European Commission President Jose Manuel Barroso addresses the media before the G20 Summit in Los Cabos June 18, 2012.
Credits: Henry Romero/REUTERS
LOS CABOS, Mexico -- Maybe it was the 35 C heat here on Mexico's Baja Peninsula. Maybe it was the pressure of the crisis he faces back home.
Whatever it was, when I asked European Commission president Jose Manuel Barroso here Monday why Canada should risk its financial good name to bail out European banks, Barroso blew a diplomatic gasket.
"We are extremely open and we are engaging our partners but we are certainly not coming here to receive lessons from nobody," he harrumphed.
There was more.
"Frankly, we are not coming here to receive lessons in terms of democracy and in terms of how to run an economy because the European Union has a model that we may be very proud of," Barroso said.
Really? Has he seen what the markets think of buying bonds from Italy, Spain or Barroso's own country, Portugal?
In Barroso's eyes, the fiscal crisis in Europe is not even Europe's fault. It is the victim in all of this. For that reason, the rest of the world ought bail it out, even though, as Prime Minister Stephen Harper has noted, the so-called euro area of 27 countries is the single largest and wealthiest economic unit in the entire world.
Harper has told Barroso just that, saying that if Canada - or anyone else - is going to kick in to a US$430 billion pool administered by the International Monetary Fund, then Europe is going to have to release the chokehold it has had on the IMF.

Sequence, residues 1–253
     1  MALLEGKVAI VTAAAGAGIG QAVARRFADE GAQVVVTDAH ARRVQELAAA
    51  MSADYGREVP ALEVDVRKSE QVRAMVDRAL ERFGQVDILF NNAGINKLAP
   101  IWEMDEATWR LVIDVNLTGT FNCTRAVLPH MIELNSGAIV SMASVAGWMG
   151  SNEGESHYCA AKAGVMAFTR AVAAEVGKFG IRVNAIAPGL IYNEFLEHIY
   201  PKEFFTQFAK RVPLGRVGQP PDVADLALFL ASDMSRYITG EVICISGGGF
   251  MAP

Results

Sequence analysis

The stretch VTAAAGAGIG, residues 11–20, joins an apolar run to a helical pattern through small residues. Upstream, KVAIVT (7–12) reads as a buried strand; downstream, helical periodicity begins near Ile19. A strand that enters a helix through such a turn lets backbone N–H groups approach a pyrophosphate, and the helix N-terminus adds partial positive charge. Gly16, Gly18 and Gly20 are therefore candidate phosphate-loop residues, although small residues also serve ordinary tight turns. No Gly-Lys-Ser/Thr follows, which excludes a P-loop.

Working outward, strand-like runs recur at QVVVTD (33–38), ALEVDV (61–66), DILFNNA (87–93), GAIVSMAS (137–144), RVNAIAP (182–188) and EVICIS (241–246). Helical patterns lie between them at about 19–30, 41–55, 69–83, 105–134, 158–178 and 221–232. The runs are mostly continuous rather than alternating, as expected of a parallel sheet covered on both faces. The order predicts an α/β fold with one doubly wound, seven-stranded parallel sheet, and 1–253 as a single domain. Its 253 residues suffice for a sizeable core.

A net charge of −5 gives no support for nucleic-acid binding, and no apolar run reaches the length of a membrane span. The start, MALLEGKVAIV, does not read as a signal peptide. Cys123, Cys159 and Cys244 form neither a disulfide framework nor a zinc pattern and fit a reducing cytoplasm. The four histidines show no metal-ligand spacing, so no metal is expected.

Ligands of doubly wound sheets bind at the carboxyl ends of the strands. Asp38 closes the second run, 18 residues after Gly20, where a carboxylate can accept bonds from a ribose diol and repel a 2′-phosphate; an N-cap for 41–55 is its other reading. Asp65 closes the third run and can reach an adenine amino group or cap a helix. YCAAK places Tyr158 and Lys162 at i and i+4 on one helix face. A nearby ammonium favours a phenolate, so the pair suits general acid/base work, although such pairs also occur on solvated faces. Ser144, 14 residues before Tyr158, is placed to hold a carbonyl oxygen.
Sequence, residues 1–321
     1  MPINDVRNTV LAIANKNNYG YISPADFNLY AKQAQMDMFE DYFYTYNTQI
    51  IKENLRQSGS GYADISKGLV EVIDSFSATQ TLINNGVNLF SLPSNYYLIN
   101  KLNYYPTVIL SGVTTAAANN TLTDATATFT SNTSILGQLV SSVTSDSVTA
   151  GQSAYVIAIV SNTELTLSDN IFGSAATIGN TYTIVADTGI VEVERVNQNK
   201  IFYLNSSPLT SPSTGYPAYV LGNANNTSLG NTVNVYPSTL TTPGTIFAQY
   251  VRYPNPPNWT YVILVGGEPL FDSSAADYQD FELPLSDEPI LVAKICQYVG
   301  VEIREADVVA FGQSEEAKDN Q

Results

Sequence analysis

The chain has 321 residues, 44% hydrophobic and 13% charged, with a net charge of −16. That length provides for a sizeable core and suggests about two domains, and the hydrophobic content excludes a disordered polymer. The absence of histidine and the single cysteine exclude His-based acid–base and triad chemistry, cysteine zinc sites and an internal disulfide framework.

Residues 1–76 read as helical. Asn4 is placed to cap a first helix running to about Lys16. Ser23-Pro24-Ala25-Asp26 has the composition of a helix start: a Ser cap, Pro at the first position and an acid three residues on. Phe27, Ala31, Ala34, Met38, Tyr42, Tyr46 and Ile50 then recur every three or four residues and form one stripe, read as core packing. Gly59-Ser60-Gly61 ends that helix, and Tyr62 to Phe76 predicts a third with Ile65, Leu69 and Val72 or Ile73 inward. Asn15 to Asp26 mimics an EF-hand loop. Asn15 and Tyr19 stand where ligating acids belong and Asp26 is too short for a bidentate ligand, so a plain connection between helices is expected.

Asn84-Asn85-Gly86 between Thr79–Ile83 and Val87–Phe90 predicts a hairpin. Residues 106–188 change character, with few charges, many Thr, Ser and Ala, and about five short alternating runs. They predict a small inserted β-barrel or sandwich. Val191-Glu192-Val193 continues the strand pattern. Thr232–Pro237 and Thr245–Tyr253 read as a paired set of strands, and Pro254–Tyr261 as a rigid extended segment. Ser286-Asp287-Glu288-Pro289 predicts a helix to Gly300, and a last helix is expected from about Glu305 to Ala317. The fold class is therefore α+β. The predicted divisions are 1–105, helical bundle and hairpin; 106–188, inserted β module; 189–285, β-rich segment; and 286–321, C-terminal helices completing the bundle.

Notably, Brazil, Russia, India and China have also said they'll pump billions more into the IMF, but only if they get more say in how the IMF's money is spent.
Well, Barroso would have none of this.
He as much as said the IMF has been and always will be Europe's piggy bank to do with as it wants.
"European member states are - by far - the biggest contributors to the IMF," Barroso harrumphed.
"Even euro area member states alone are the biggest contributors, bigger than the United States, certainly much, much, much bigger than Canada, so the biggest contribution for the IMF all these years has been from European member states. And it is quite interesting to note that even in times of crisis, now when we have decided to increase the funding for the IMF, once again, it is the European member states that have given the biggest part, the biggest share."
But Barroso wasn't finished. In the middle of his tirade, he trotted out a thinly veiled threat that a Canada-EU free-trade deal was at risk unless Harper comes to his senses and sends Canadian cash to the continent.
"We are trying to conclude an important agreement on trade with Canada. Why? Because all the other parts of the world look at Europe as a source of possible growth for them. And, in fact, they also have an interest. The sooner the situation is stabilized in Europe, the better for them," he said.
As for Harper, his reaction was more measured.
"The problems of the Eurozone remain very significant. However, they are clearly within the means of European countries to deal with. What European countries need to do, and what we will be looking to see, are clear commitments that they are prepared to take all of the actions, all of the necessary actions that are within their capacity to deal with these problems."